A while ago I read Nora Dunn’s … It was full of practical advice on how to travel a lot without paying for accommodation. So when Nora asked me if I was interested in reviewing her new book Tales of Trains: Where the Journey is the Destination, I immediately said yes.
This wouldn’t be a “how to”-book though, she warned me, but the story of her love for train travel. I didn’t quite know what to expect. Would it be like a memoir? Would it be a more reflective, maybe even philosophical book?
Well, in Tales of Trains tells the story of three important train trips Nora has undertaken:
- The Ghan, from Darwin to Adelaide (Australia) – 3 days
- The Indian Pacific, from Sidney to Perth… and back (Australia), 11 days
- The Ultimate Train Challenge, from Lisbon (Portugal) to Saigon (Vietnam), one month
How this book is like a train ride
Before riding The Ghan, Nora thought she would be bored spending almost three entire days on a train. She’d prepared herself for it and had brought things to keep herself busy. However, after those three days she realized she hadn’t been bored for a minute, and so she wonders – given her love of train travel – if it would ever be possible for her to find boredom on a train.
That’s the main reason for her plan to travel “up and down” the Indian Pacific and spend – some short stops excluded – 11 days on a train: to figure out whether she could get bored during the trip.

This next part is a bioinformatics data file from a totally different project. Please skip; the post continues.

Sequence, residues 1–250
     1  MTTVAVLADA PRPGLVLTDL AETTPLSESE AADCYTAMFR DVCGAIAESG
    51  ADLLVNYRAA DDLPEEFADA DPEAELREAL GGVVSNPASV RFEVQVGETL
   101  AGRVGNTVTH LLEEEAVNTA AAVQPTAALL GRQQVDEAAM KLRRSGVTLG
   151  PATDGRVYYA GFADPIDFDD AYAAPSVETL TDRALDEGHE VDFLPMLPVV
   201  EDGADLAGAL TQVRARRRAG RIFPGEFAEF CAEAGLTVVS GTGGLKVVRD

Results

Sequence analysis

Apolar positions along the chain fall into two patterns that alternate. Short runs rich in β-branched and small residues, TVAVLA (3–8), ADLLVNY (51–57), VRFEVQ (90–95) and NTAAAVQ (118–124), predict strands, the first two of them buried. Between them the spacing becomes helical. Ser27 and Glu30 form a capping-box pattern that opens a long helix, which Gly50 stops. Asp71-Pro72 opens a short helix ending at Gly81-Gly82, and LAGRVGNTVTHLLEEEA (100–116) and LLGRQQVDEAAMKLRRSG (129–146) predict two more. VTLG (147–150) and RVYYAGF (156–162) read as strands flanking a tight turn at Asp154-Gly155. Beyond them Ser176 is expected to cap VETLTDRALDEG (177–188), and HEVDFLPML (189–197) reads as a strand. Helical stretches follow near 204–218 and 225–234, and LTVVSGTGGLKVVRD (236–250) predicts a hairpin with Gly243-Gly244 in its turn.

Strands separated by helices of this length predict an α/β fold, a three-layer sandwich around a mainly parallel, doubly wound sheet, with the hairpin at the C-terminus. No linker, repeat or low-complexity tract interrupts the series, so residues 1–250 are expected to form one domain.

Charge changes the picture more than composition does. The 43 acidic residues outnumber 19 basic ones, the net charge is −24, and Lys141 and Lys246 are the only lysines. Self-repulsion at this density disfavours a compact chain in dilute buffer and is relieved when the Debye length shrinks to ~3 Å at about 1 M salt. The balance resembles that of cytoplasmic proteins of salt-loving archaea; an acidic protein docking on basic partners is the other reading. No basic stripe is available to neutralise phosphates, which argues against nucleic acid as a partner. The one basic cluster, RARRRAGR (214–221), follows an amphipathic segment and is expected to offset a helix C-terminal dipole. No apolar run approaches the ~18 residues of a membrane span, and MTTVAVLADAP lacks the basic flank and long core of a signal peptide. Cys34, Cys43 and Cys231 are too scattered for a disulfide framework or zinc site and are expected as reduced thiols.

Now you may think that the book continues in one of two ways:
- Nora gets bored on the train and has to deliver some good writing not to make the tale of her journey boring to us.
- Nora doesn’t get bored on the train and tells us all about the crazy things she experiences and the interesting people she meets.
Well, actually the answer lies somewhere in between.
You see, Nora does meet people and she introduces them to us, tells us a bit about conversations, but those passages are always pretty short and so at a given point while reading I remember thinking: “Well, there’s not much happening on that train”, but then I looked at the page number I was on and… I was already half-way in the book!
In Dutch we have this expression: “It reads like a train”. When you say a book reads like a train, it means that the book just keeps you going. You don’t need a break, you don’t need to put it aside for a while, you just keep on reading and before you know it you’ve reached the terminus.
This book reads like a train.
It’s like you’re riding the train and looking out of the window. You have a book with you, your laptop maybe, or a game you could play on your cell phone. Yet you just stare out of the window and before you know it the ride is over and you feel this calm inside of you. You haven’t been busy, you’ve just been.
That’s Tales of Trains. It won’t take you through all kinds of emotions, but it will take you along for the ride. And before you know it a couple of hours have passed.
Do you like train travel?
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